Get local stories you won't find anywhere else right to your inbox.
Sign up here

Just Posted

The candidates for the Mid Island-Pacific Rim riding in the 2020 provincial election. Clockwise from top left: Rob Clarke, Graham Hughes, Evan Jolicoeur, Helen Poon and Josie Osborne. Osborne was declared the winner on Saturday night. (Photos submitted )
POLL QUESTION: Are you happy with the results of B.C.’s provincial election?

Josie Osborne of the BC NDP and Tofino’s now-former mayor won the Mid Island - Pacific Rim seat.

Ucluelet RCMP detachment. (Westerly file photo)
Driver facing charges after crashing into pedestrian at Ucluelet crosswalk

“It’s a reminder to slow down and pay attention,” said Sgt. Steve Mancini.

Josie Osborne and her campaign team watch the results roll in during B.C.’s provincial election on Saturday night. (Photo courtesy of Josie Osborne)
Tofino expected to wait until New Year to elect new mayor after Josie Osborne wins provincial seat

Josie Osborne is the West Coast’s new MLA and that means Tofino needs a new mayor.

Dylan Hillis preparing collagen samples from ancient dog bones at the UBC musuem of Anthropology. Photo: Eric Guiry
Ancient ‘woolly dog’ ate mostly fish, new University of Victoria study finds

Study gives researchers better understanding of human-dog relationships on Tsehaht First Nation

Provincial health officer Dr. Bonnie Henry updates the COVID-19 situation, B.C. legislature, Oct. 26, 2020. (B.C. government)
B.C.’s COVID-19 case count jumps by 287, another senior home outbreak

Two more deaths recorded, community outbreak in Okanagan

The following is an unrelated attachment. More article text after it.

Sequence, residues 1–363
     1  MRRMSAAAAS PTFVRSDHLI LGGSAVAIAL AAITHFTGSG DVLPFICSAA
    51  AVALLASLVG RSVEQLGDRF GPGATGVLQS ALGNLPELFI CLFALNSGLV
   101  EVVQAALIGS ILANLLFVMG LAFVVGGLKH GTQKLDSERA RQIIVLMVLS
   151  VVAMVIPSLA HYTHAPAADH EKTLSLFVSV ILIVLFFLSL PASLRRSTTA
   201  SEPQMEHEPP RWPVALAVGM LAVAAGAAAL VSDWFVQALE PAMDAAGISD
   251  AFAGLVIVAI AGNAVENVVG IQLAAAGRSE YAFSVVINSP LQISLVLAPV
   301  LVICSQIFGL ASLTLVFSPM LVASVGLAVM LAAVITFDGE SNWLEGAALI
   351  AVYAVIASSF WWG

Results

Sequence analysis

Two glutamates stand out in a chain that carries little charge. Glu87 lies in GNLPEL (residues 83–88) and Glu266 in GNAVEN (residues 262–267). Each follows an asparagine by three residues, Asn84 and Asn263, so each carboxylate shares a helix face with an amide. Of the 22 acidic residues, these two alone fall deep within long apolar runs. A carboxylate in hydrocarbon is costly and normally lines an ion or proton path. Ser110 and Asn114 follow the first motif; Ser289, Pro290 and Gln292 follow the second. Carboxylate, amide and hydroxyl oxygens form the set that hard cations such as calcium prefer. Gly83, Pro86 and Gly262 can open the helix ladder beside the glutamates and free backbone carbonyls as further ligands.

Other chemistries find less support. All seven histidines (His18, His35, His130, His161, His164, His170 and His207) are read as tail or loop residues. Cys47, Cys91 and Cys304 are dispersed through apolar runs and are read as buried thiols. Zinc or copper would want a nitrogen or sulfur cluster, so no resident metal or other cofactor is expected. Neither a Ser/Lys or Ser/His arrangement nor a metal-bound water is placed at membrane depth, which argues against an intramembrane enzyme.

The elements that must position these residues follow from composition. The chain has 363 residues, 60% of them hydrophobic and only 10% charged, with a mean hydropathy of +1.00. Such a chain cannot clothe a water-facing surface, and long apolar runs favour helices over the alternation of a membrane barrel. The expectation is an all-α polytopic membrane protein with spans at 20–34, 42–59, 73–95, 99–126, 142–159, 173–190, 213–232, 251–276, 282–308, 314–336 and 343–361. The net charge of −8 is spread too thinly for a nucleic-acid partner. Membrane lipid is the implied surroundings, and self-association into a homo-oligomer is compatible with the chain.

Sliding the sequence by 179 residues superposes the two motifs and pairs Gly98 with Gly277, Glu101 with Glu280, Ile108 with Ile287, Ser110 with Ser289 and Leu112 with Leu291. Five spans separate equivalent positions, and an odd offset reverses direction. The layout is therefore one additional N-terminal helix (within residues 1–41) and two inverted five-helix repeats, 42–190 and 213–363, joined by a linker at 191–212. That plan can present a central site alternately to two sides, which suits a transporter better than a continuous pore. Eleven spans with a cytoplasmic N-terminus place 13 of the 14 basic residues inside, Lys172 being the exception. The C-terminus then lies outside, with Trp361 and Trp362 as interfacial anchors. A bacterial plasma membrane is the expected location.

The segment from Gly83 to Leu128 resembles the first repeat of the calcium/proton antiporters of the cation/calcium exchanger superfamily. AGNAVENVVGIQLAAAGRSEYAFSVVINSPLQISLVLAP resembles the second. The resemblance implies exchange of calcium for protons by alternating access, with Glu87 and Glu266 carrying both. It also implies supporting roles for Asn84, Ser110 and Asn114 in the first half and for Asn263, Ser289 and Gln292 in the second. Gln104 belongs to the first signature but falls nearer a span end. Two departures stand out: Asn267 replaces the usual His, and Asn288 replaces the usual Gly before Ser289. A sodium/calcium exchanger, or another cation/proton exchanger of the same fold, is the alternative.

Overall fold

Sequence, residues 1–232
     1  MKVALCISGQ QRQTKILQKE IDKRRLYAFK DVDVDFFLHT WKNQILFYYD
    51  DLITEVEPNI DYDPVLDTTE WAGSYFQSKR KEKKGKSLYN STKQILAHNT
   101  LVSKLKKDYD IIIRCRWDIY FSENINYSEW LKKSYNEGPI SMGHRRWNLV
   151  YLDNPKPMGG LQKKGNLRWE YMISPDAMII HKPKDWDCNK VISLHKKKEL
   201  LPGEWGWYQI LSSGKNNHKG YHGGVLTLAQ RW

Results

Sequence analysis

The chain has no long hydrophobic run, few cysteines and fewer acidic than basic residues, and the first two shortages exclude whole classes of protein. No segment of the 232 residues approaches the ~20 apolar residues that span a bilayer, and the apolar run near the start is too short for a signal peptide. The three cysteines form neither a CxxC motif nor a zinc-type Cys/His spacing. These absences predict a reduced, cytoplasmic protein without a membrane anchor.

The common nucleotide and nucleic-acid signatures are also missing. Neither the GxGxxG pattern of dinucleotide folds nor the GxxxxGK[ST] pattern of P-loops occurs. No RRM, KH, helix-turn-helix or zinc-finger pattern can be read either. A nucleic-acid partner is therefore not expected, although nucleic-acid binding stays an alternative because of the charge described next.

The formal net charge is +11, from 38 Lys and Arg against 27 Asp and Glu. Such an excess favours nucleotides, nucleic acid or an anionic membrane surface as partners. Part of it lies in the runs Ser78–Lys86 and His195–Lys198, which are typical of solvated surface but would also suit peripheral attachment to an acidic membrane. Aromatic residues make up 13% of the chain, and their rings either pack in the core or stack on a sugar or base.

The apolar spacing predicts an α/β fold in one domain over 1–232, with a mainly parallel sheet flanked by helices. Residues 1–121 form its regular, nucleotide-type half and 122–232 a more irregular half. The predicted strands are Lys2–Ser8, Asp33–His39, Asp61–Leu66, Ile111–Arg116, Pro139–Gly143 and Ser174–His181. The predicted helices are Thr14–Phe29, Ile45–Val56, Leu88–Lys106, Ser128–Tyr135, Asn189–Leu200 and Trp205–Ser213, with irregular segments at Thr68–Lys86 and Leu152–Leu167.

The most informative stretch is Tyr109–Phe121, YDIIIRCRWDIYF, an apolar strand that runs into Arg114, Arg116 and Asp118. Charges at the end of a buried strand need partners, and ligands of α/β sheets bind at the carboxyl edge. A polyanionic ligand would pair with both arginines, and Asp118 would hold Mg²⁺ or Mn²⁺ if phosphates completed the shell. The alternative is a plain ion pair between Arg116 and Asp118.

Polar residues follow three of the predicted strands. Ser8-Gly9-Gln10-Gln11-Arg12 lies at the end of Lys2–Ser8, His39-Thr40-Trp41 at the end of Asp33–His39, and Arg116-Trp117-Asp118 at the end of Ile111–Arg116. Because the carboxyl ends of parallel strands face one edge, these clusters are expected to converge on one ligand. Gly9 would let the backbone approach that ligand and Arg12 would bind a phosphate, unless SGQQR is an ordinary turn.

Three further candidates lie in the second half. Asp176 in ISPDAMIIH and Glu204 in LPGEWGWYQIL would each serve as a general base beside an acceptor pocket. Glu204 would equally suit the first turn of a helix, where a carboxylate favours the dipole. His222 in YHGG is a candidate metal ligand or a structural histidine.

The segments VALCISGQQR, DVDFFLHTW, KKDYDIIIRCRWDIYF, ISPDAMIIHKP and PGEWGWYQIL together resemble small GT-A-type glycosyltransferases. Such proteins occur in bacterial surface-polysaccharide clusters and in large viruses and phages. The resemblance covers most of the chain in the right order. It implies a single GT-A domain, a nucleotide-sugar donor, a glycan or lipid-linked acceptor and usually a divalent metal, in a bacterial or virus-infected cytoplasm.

MMFN First Nation has said that it will restrict access to portion of Highway 28 that passes through the Nation’s land until a road use agreement is reached. (Black Press file photo)
Vancouver Island First Nation blocks highway access to logging trucks in Gold River

Mowachaht/Muchalaht First Nation restricting access for Western Forest Products pending road deal

An untitled Emily Carr painting of Finlayson Point was donated to the Art Gallery of Greater Victoria by brothers Ian and Andrew Burchett. The painting had been in their family for several decades. (Courtesy of the Art Gallery of Greater Victoria)
Never before seen painting by famed B.C. artist Emily Carr gifted to Victoria gallery

Painting among several donated to Art Gallery of Greater Victoria

100 Mile Conservation officer Joel Kline gingerly holds an injured but very much alive bald eagle after extracting him from a motorist’s minivan. (Photo submitted)
Rescued bald eagle that came to life in B.C. man’s car had lead poisoning

Bird is on medication and recovering in rehab centre

Is it time to start thinking about greener ways to package cannabis?

Packaging suppliers are still figuring eco-friendly and affordable packaging options that fit the mandates of Cannabis Regulations

Join Black Press Media and Do Some Good

Pay it Forward program supports local businesses in their community giving

The B.C. Centre for Disease control is telling people to keep an eye out for the poisonous death cap mushroom, which thrives in fall weather conditions. (Paul Kroeger/BCCDC)
Highly poisonous death cap mushroom discovered in Comox

This marks first discovery on Vancouver Island outside Greater Victoria area

Janet Austin, lieutenant governor of B.C., was presented with the first poppy of the Royal Canadian Legion’s 2020 Poppy Campaign on Wednesday. (Kendra Crighton/News Staff)
PHOTOS: B.C. Lieutenant Governor receives first poppy to kick off 2020 campaign

Janet Austin ‘honour and a privileged’ to receive the poppy

Cowichan Search and Rescue set up near the Silver Bridge in Duncan on Wednesday morning, Oct. 28, 2020 to rescue a dog from the Cowichan River. (Citizen file)
Cowichan Search and Rescue save dog from icy Cowichan River

Search and Rescue’s swiftwater team was called in

Most Read